To ensure reliable delivery and optimize outsourcing costs, it is essential to partner with a contract manufacturing organization
(CMO) that uses multidimensional strategies. Older models of project management were not focused on client satisfaction and
did not account for the organization's needs. More recent models in project management blend and integrate these objectives.
They leverage best practices from different arenas to integrate the needs of the client, project, and business. This article
presents a model for conducting work based on three core methodologies: project management principles, customer service, and
In this troubled economy, fewer companies are manufacturing their pharmaceutical products in-house.1 More and more companies are working with contract manufacturing organizations (CMOs), or are actively looking for CMOs to
partner with. To ensure reliable delivery and optimize outsourcing costs, it is critical that your CMO relationship yields
the best possible value to your organization. To achieve optimal results from your outsourcing, it is essential to partner
with a company that uses multidimensional strategies, integrating best practices from project management, customer service,
and Lean methodologies.
A CMO worth spending your money on must do more than just produce your product. It must serve as an expert partner to help
maximize your product's potential. Like any customer, you want the CMO to treat your project with care and commitment. Older
models of project management were not focused on client satisfaction, and did not account for the organization's needs. More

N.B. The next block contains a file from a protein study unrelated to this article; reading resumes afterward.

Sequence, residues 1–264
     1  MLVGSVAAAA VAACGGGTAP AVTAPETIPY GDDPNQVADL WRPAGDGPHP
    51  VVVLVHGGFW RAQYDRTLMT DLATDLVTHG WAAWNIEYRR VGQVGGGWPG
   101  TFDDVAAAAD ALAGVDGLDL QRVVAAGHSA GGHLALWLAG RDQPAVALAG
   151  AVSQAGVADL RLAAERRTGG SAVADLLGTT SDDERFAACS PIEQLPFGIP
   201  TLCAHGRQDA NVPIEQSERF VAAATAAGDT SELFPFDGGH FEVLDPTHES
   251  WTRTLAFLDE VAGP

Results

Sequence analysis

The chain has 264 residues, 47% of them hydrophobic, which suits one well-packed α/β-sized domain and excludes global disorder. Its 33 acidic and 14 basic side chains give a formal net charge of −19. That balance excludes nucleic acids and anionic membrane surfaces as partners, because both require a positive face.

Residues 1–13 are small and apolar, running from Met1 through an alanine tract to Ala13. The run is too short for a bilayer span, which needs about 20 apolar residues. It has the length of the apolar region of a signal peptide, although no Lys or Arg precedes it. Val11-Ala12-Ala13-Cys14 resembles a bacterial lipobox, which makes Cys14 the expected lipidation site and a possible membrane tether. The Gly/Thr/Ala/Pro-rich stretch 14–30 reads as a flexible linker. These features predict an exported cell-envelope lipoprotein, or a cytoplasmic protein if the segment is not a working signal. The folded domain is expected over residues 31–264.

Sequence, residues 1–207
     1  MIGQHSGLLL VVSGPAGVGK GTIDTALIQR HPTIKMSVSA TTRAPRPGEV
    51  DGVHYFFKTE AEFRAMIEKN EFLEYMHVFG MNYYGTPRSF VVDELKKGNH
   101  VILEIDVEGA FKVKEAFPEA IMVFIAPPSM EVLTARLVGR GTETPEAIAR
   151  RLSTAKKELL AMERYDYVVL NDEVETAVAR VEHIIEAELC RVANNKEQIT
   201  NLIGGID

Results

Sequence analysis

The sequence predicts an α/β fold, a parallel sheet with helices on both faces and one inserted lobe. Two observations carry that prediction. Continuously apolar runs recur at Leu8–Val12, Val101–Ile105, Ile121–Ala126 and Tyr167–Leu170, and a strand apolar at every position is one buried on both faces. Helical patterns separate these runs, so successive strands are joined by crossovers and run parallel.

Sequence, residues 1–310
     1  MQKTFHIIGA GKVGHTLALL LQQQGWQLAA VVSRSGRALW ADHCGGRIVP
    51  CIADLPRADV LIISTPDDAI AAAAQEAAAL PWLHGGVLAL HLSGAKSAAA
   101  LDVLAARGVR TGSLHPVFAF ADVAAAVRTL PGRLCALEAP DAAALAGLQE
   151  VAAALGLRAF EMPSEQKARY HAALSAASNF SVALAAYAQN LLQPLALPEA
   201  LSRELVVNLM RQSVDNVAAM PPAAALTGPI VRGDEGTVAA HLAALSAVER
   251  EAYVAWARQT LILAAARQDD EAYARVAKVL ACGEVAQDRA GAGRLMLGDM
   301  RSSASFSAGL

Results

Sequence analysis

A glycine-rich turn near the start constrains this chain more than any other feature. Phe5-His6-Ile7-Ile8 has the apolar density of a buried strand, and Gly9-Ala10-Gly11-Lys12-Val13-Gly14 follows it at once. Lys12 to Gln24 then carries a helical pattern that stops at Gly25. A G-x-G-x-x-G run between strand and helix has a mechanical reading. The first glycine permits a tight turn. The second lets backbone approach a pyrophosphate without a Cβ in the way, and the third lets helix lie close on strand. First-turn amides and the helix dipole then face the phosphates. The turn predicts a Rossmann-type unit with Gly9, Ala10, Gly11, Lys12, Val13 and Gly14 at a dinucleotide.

recent models in project management blend and integrate these objectives. They leverage best practices from different arenas
to integrate the needs of the client, project and business. Blending best practices from project management, customer service,
and Lean can provide optimal results for clients.
The Role of Project Managers
The role of a project manager at a CMO has evolved to encompass a broader set of stakeholder expectations, including delivering
excellent customer service and driving leaner processes. Traditional project management models focused on the success of the
project only in terms of the constraints of time, scope, and quality. Today's project managers must deal with increasing complexity
and offer their stakeholders the optimal strategy for the project. A systems approach is essential to identify and manage
all constraints. Additional metrics must be created and monitored, such as customer satisfaction surveys and measures of process
efficiency. When selecting a CMO, consider how facile their project managers are at analyzing tradeoffs among the constraints.
Do they have tools and processes in place to provide you with this critical information? If you are considering a process
change, will it mean that you won't be able to operate as efficiently down the road? When problems arise, will the project
manager address them within the organization, or will they inform you and include you in the resolution process?
Project Management Principles
Not only are biopharmaceutical companies looking for state-of-the-art facilities, reliable quality systems, and technical
know-how, they also are looking for CMOs that will manage their projects well. Biopharmaceutical companies must look for CMOs
that deploy repeatable project management best practices and processes to drive down project cycle time. They also should
look for CMOs that work toward eliminating the "accidental" project manager assignment through training, coaching, and mentoring.
This includes development and use of tools, templates, and checklists, as well as establishing metrics to measure performance
and risk. Project management certification is one means of assessing an organization's dedication to effective project management.
Although certification is not a guarantee of effective project management, it is a positive indicator of organizational commitment
to project management knowledge and skills.